|Published July 2014|
A Blogger's Life in New York
David Shapiro's semi-autobiographical novel, You're Not Much Use to Anyone, is like a big screen version of Seinfeld directed by Woody Allen with music by Belle and Sebastian. David Shapiro first gained national attention for starting a blog called "Pitchfork Reviews Reviews." In his novel, the fictional character (also named David) gained national attention for starting a blog called "Pitchfork Reviews Reviews." I like this novel because it's about subjects I'm interested in (blogging and music) and it reminds me of things I love (Seinfeld and Woody Allen). But, the fact that it's based on the author's real life/real events is intriguing. It motivated me to dig deeper after finishing the book. The more I learned about the real David Shapiro, the more I admired the novel. In a Vice interview last year Shapiro admits, "I feel guilty about a lot of stuff because I don't act in a way that's considerate of other people all the time. A friend who a character is based on said I didn't sign up for this, meaning she didn't ask to be the basis for a fictional character who does things she didn't do. And I wonder how I would feel if someone were to write about me in the way that I did about other people."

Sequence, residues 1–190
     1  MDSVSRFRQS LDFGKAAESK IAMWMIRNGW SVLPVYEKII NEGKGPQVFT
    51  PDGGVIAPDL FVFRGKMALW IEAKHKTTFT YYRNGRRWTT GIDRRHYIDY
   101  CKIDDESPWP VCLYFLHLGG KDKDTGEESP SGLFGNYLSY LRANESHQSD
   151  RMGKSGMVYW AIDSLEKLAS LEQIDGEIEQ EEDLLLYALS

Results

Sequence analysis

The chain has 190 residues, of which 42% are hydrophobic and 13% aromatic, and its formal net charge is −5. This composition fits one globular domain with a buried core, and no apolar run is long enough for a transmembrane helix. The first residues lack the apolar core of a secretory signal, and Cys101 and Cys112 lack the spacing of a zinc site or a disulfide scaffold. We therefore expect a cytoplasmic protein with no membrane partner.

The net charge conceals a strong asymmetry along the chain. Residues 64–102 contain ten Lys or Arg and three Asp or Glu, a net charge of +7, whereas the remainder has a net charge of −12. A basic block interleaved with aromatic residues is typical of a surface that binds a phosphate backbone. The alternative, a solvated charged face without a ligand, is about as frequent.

In the "fictional" story, David is fresh out of college and wondering what to do next. He gets a crappy office job to appease his parents. He meets a girl, he loses a girl, he meets another girl. He starts "Pitchfork Reviews Reviews" via his Blackberry. Not much else happens, but it's the way those things unfolded that made Shapiro's You're Not Much Use to Anyone engrossing. This novel won't blow anyone away. It's a quick and uncomplicated read about a small window of time in a young man's life- a niche novel, or dare I say a guilty pleasure. And I suspect that the David character might drive many readers crazy. He's whiny, self-involved, and annoyingly smart- the kind of guy who could have it all, but he's too blinded by insecurity and lacks enough life experience to embrace the possibilities.
Recommended to music geeks who read Pitchfork and those who think life/love is a mixtape.
Check out the entire Vice interview by Zach Sokol below